The real motive for the calls for visa bans has nothing to do with stopping war in Ukraine, or trying to correct Russian policy. It is instead a transparently vindictive measure, driven by extremist political forces. It is a policy led by emotion, not by practicality or reason. It stands to entrench Russian public opinion behind the Kremlin's position, even as it feeds toxic nationalist fervour in Europe. It is vindictive, counterproductive and stupid. Irish politicians, knowing our own history, should be ashamed to support it.
24 Feb 2022

𝗢𝗳𝗳𝗶𝗰𝗶𝗮𝗹 𝘀𝘁𝗮𝘁𝗲𝗺𝗲𝗻𝘁 𝗯𝘆 𝗖𝗹𝗮𝗿𝗲 𝗗𝗮𝗹𝘆 𝗮𝗻𝗱 𝗠𝗶𝗰𝗸 𝗪𝗮𝗹𝗹𝗮𝗰𝗲 𝗼𝗻 𝘁𝗵𝗲 𝘀𝗶𝘁𝘂𝗮𝘁𝗶𝗼𝗻 𝗶𝗻 𝗨𝗸𝗿𝗮𝗶𝗻𝗲

The attacks on Ukrainian targets and incursion of Russian forces into Ukraine are an act of aggression and a serious violation of the United Nations Charter. They have already resulted in loss of life. The pretexts President Vladimir Putin is using to justify his decision are contrary to international law and cannot be supported. Russian arguments about its security interests in the face of NATO expansion are valid and should be taken seriously, but they do not justify the decision Russia has now taken. We echo the call of the UN Secretary General António Guterres: the conflict must stop now.
The only legitimate forum for addressing Russia’s actions at an international level is the United Nations. Unilateral action from the United States, the European Union, or NATO, only risks further escalation and the further erosion of international law and norms. There is no military solution for what is now happening. We oppose any military response just as unequivocally as we oppose Russia's actions. Russia must withdraw its troops from Ukraine, immediately cease all military operations and resume diplomatic engagement. All parties must work to restore the Minsk process, as the only path to a peaceful resolution of conflict.
The responsibility for opening hostilities is solely with President Putin, but we do not withdraw a single of our longstanding criticisms of NATO brinkmanship and the recklessness of Western policy on Ukraine. Both Russia and the West bear responsibility for creating conditions of instability and confrontation in Ukraine in pursuit of their strategic and economic interests. Despite rhetoric, Europe has been no friend of Ukraine. The country has been used as a pawn, and Ukrainian lives have been treated as expendable. It is the first duty of the European anti-war movement to criticise the role of European and allied governments in fanning the flames of conflict, not governments over which it has little influence. In the months to come, it is all the more important that this duty is upheld.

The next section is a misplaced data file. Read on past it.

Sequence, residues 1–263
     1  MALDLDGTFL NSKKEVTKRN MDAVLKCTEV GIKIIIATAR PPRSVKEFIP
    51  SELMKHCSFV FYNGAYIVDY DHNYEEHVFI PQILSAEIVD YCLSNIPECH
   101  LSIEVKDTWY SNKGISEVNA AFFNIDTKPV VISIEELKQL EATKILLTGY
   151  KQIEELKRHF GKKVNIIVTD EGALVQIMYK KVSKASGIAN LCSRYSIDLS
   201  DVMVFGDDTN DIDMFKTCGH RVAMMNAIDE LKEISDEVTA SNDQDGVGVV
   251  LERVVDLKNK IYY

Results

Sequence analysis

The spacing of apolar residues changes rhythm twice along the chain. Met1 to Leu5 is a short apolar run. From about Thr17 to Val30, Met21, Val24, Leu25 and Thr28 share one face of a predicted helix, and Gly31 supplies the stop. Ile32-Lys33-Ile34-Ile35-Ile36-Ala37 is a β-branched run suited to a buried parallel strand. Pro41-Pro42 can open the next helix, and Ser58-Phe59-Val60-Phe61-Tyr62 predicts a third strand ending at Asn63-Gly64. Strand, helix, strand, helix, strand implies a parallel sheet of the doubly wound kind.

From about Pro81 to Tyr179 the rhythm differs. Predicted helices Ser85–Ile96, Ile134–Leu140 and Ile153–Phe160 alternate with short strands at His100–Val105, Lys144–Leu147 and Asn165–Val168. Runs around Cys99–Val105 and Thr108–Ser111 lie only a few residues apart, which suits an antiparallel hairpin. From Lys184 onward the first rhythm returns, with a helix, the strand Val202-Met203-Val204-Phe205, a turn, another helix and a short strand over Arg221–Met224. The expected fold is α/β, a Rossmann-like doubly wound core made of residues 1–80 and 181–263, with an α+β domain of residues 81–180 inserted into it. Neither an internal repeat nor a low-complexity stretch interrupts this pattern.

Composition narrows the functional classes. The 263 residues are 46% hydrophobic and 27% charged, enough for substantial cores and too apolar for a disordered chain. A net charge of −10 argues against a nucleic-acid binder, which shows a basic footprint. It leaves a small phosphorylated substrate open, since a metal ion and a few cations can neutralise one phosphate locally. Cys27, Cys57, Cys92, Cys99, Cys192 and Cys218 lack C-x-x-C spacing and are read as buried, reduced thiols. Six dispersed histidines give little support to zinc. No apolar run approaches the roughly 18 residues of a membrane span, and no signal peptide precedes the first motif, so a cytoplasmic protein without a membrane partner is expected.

Predictably, hawkish elements in government and in the press are now exploiting the crisis to attack the anti-war movement, to propagandise on behalf of NATO, and to undermine Ireland’s policy of neutrality. The Irish public should draw the opposite lesson from what is happening. Ukraine, like Ireland, was once a neutral country. Its loss of neutrality, and its gradual alignment with NATO, is one of the reasons for Russian hostility. Ireland’s strength on the international stage, as a neutral broker for peace in international institutions, is completely undermined by the Irish government aligning itself with belligerents in a geopolitical conflict. Ireland should learn the lesson of Ukraine and take immediate steps to restore its neutrality, by unilaterally withdrawing from EU common defence structures, putting an end to all NATO cooperation, and denying transit and use of its territory to all foreign militaries.
Clare Daly
Mick Wallace
01 Dec 2021

Press release: Binding the Guardian – study commissioned by MEP Clare Daly

On the 8th of November we released Binding the Guardian, a study commissioned by MEP Clare Daly, which provides a critical analysis of the European Commission’s annual rule of law reports (2020 & 2021). See press release here: https://claredaly.ie/wp-content/uploads/2021/12/Press-release-Binding-the-Guardian-08-11-2021.pdf

24 Nov 2021

6 years in Lithuanian prison for investigative journalism

(The following is a brief explainer and update on the case of Algirdas Paleckis, a Lithuanian journalist currently subject to prosecution on "espionage" charges. The case is an example - along with that of Julian Assange - of how espionage law is being misused in Europe and further abroad to stifle dissent, and how the space for challenging Europe's foreign policy orthodoxy is shrinking.

Photos from my recent visit to Lithuania along with MEPs Mick Wallace and Tatjana Ždanoka to support Paleckis can be found here:  https://www.facebook.com/judejimas.ausra/photos/pcb.139925711712862/139906478381452 )